When Barry Webb is crawling around on the forest floor with a flashlight, passersby understandably give him strange looks. After all, the U.K.-based photographer is looking for something others might struggle to see: slime mold growths that only stand around a tenth of an inch high.
For scientists, classifying slime molds has proved to be as slippery as their namesake. Though they have been labeled plants, fungi and even animals in the past, the protists coat wet and frequently decaying surfaces such as dead trees, leaf litter and even dung, often as single cells. As their last act before dying, the organisms send up fruiting bodies, which Webb catches with a camera. These growths are what attracted Webb to slime molds in the first place. While out walking with him, Webb’s wife suggested he look through his camera lens at a funny white patch on a beech tree. “I was amazed to see these little white sausages on sticks,” he says.
The find sparked Webb to document more of the ephemeral slime mold growths. Each image consists of 30 to 100 photographs he took with different focal points. When assembled, the composite shows more detail than any one snapshot could. Most of the specimens Webb photographs are found in the woods near his home in the English county of Buckinghamshire, but some grow on decaying logs he keeps in his garden to see what might emerge. If you would like to try something similar, doing so is easy—just beware hungry slugs, Webb warns.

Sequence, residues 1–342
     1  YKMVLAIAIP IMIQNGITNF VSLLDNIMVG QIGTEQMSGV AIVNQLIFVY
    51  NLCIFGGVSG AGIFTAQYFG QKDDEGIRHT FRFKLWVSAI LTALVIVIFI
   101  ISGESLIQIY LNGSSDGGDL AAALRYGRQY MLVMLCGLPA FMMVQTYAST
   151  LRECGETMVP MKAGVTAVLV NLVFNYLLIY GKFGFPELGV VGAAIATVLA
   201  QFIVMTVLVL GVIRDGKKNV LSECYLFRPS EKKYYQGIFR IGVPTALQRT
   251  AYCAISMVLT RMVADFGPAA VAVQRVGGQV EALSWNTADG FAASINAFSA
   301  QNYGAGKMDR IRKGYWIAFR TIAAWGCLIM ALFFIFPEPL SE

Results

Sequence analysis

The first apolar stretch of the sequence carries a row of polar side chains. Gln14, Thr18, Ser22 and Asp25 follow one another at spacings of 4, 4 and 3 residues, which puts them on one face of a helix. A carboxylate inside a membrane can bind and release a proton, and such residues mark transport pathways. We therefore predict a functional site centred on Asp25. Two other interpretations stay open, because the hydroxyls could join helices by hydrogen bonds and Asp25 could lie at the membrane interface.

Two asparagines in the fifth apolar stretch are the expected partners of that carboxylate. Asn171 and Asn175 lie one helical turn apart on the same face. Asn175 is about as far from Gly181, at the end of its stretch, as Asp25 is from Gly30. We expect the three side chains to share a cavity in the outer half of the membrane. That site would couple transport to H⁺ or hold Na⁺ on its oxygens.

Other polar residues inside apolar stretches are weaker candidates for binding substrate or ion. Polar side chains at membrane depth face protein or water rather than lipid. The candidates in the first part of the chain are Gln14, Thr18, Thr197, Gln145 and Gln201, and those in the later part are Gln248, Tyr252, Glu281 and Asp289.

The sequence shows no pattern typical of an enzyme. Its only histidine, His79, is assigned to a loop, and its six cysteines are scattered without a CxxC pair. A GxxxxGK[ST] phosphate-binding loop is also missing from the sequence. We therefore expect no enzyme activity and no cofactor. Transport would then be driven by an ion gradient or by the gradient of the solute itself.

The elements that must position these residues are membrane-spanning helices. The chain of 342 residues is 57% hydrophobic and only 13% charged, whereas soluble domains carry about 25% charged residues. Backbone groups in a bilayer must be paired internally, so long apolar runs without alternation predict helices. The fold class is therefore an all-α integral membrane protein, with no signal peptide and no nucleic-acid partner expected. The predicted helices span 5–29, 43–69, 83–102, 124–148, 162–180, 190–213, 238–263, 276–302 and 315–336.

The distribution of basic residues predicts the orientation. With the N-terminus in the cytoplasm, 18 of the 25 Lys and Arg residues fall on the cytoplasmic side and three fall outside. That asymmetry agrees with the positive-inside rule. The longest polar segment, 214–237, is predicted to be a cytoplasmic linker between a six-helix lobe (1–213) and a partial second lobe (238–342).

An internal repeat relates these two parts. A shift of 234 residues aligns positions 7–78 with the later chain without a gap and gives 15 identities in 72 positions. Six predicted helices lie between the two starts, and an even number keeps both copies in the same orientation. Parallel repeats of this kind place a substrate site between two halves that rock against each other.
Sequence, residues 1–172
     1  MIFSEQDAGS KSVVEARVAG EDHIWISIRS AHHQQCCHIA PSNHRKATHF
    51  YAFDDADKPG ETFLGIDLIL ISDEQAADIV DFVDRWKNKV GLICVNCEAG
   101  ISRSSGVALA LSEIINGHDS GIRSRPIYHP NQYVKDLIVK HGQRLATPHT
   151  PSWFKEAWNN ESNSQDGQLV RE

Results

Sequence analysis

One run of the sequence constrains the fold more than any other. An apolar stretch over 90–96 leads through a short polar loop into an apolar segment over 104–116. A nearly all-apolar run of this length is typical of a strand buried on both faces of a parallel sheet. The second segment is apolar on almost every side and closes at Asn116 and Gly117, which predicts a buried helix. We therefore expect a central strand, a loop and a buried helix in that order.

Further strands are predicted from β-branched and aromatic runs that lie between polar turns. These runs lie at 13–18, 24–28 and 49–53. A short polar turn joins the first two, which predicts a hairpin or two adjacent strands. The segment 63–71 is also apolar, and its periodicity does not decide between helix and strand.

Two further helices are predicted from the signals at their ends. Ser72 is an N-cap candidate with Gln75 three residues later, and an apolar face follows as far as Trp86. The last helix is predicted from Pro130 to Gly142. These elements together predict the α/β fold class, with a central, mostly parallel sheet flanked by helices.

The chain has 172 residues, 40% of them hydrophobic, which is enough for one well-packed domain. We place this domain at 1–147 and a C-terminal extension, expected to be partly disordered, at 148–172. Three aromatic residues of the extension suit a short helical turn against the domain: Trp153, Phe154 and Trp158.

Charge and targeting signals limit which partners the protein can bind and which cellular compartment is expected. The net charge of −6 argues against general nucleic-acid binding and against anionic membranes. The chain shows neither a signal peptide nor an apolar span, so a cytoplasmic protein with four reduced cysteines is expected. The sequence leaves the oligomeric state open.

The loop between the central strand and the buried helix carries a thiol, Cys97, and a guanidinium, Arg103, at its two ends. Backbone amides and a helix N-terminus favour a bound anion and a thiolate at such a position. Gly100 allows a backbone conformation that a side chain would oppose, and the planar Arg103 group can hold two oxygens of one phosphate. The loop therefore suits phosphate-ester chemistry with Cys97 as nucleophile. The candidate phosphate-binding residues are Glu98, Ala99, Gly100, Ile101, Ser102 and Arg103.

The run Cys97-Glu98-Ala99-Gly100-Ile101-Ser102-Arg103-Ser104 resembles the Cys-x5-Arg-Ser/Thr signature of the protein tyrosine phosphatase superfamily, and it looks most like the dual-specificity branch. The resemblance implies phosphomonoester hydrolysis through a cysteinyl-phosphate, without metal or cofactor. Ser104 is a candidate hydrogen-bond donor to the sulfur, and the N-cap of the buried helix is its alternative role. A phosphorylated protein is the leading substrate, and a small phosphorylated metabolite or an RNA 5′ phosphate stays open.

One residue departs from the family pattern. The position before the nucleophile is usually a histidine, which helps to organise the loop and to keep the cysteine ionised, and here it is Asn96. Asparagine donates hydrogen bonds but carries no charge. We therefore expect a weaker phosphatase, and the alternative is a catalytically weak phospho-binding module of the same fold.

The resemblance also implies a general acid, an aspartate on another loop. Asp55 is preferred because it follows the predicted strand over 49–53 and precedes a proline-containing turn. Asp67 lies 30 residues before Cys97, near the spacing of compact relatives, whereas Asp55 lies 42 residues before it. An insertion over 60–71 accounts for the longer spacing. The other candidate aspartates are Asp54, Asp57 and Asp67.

Arcyria cinerea: When Webb spotted this slime mold growing on a dead apple tree, he did what researchers investigating the creatures have done for more than a century bring chunks of the wood home to see what else it would sprout.
Cribraria aurantiaca growing fruiting bodies. Slime molds such as C. aurantiaca always occupy new patches of a wet log or other surfaces. The organisms leave residue behind as they scoot around and avoid places already streaked with their goo.
Cribraria aurantiaca after the fruiting bodies have matured. Though the image shows a different specimen than the one above, this later, more dehydrated stage can develop within a day for some species.
Member of the genus Comatricha that is dried out after its spores have dispersed. In its earlier, mobile life stage, the quest for moisture, nutrients and delicious bacteria can take a slime mold to any appropriate living space, even animal dung.
Comatricha nigra pushing up a single fruiting body. Slime molds like those in the genus Comatricha find the perfect place to settle down by scooting around via pseudopods—cellular extensions that shoot forward for the rest of the cell to coalesce around.
Comatricha nigra growing on a fallen beech log just before the protist releases its spores. Before reproducing, some slime molds expand to be several feet wide, a phenomenon Webb has come across in the woods.
Compilation of different Badhamia utricularis slime molds moving through their life cycle. On the far left, B. utricularis is still a moving, feeding organism. It eventually generates its characteristic hanging and unusually large spores, which mature into fruiting bodies (center) and then finally dry up once the spores have been dispersed (far right).
Physarum leucophaeum on the edge of a beech leaf. These slime molds are impressive problem solvers. Researchers have plopped other members of the genus Physarum into mazes and watched the them find the shortest path through. These organisms have inspired a slime mold algorithm that researchers have deployed to map filaments of dark matter connecting galaxies throughout the universe.
Fruiting bodies of Ceratiomyxa fruticulosa. Resembling miniature white coral, this standout species typically appears in clusters and offers individual spores on the surface of each tendril.
A version of this article with the title “Science in Images” was adapted for inclusion in the April 2022 issue of Scientific American.